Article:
The economic situation in Latvia during 1993 was complicated. The volume of production continued to decline in nearly all the branches of the national economy, and the level of unemployment rose.

Nevertheless, a considerable reduction in inflation should be noted as a positive development alongside with the successful completion of currency reform. This may reasonably be considered the main achievement of the monetary policy implemented by the Bank of Latvia during the reporting year.

On March 5, 1993, the national currency was renewed by placing in circulation the first Republic of Latvia national currency note, the 5 lats note. A gradual replacement of Latvian rubles by lats started simultaneously, and proceeded until June 28, 1993, when the regulation came into effect stating that all prices, tariffs and balances of accounts shall be calculated in lats. This marked the completion of the currency reform initiated in 1992.

During the fiscal year, the Bank of Latvia looked for new monetary instruments and improved its existing ones. The Bank also activated its participation in the foreign exchange market.

If people do not trust the existing currency, they avoid it by either buying goods or obtaining foreign currency, thus often causing inflation and devaluation of the national currency. But inflation in 1993 was not the result of avoiding the local currency. It was mainly caused by the rapid growth in prices for imported goods, an increase in tax payments as well as seasonal factors at the end of the year. People trusted in lats from the very beginning, and their trust became even stronger over the course of time. The amount of foreign exchange purchased by the Bank of Latvia exceeded the amount sold; the exchange value of lats grew considerably in the currency market.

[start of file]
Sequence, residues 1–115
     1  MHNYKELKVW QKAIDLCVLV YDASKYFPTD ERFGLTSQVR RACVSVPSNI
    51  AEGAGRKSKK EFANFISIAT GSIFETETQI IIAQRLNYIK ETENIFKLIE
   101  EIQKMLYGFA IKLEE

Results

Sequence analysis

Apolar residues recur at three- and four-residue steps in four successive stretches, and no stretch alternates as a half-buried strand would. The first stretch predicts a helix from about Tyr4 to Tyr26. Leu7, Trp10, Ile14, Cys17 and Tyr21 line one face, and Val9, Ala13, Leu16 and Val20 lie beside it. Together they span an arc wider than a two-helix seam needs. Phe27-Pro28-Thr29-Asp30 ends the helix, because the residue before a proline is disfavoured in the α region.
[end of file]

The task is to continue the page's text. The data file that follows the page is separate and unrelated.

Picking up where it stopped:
In 1993, the Bank Privatization Fund of Latvia performed both the separation and privatization of the former Bank of Latvia commercial branches. The number of newly licensed commercial banks was lower than in previous years. This may be explained by the increased competition among the commercial banks, higher regulatory requirements on banks, as well as the intensified supervision by the Bank of Latvia.

One of the main objectives was to make the supervision of credit institutions more efficient by auditing not only the accuracy of the financial statements, but also the compliance with the prudential requirements set by the Bank of Latvia.

The Bank of Latvia continued its cooperation with the IMF, the World Bank, other international financial institutions, and foreign central banks.

The above is only a short survey of the activity of the Bank of Latvia in 1993. The following chapters give more detailed information. The monetary policy results discussed in this Annual Report are based on monetary and banking statistics compiled by the Bank of Latvia. The economic conditions in Latvia are analyzed using information supplied by the Republic of Latvia State Committee of Statistics.